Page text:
Major questionnaires

To assess suicidal ideation, participants were asked to answer “never,” “occasionally,” or “almost always” to the question, “Have you thought about suicide in the past year?” from KNHANES [4]. Participants who answered, “never” were categorized into the “without suicidal ideation” group, while those who answered “occasionally” or “almost always” were categorized into the “with suicidal ideation” group.

To assess prior suicide attempt, participants were asked to answer “never,” “self-injury but no suicide attempt,” or “attempted suicide,” to the question, “Have you attempted suicide in the past year?” from KNHANES [4]. Participants who answered “never” were categorized into the “without suicide attempt” group, while those who answered “self-injury but no suicide attempt” (133 participants) or “attempted suicide” (46 participants) were categorized into the “with suicide attempt” group in a broad sense, considering the strong linkage between nonsuicidal self-injury and suicide attempt [11,12].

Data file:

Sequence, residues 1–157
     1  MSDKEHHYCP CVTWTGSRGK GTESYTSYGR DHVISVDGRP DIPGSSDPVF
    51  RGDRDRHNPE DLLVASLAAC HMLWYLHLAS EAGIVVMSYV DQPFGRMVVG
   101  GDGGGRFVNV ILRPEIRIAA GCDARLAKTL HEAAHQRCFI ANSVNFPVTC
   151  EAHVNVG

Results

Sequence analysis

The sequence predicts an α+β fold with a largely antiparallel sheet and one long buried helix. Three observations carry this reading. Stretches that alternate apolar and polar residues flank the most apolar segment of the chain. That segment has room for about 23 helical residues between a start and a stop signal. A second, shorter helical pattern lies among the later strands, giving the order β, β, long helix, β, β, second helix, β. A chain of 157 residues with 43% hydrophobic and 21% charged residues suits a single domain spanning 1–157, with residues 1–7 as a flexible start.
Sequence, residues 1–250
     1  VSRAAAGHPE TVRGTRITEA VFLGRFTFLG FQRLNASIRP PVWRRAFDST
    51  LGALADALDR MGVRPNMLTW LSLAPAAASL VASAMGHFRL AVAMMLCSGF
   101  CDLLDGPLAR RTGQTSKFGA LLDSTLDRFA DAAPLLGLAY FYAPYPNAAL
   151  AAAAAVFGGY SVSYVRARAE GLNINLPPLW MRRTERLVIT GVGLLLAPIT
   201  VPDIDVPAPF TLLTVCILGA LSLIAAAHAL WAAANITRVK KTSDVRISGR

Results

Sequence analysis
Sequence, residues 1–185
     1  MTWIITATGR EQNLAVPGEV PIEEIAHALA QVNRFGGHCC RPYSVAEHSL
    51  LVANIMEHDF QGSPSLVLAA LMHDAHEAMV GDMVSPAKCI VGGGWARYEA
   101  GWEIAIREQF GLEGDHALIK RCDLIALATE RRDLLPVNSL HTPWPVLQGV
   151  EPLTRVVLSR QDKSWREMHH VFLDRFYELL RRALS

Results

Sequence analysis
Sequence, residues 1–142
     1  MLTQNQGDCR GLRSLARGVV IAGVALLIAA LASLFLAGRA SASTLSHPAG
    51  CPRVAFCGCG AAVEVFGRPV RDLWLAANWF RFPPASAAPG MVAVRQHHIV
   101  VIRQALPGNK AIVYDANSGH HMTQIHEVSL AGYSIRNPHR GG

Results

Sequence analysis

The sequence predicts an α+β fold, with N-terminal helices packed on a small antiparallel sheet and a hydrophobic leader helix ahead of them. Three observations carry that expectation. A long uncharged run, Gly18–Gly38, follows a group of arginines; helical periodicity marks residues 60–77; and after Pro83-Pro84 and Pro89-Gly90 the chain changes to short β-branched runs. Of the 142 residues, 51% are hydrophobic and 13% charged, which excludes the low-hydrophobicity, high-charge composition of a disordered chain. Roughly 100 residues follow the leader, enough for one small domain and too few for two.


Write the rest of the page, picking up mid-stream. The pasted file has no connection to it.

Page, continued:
Drinking level was measured using the Alcohol Use Disorders Identification Test-Korea (AUDIT-K). Each item of the AUDIT-K evaluates consumption quantity, behavior, and presence of psychological-social problems [13]. The AUDIT-K consists of 10 items scored from 0 to 4 in which a high score indicates greater severity. The total score ranges from 0 to 40. Items 1–3 were defined in previous studies as AUDIT-Alcohol Consumption Questions (AUDIT-C) [14], and their validity and reliability have been proven as a screening tool [15]. In this study, items 4–10, which relate to dependence and problematic behavior, have been defined as Alcohol Dependence/related Problem Questions (AUDIT-D/P).

Other questionnaires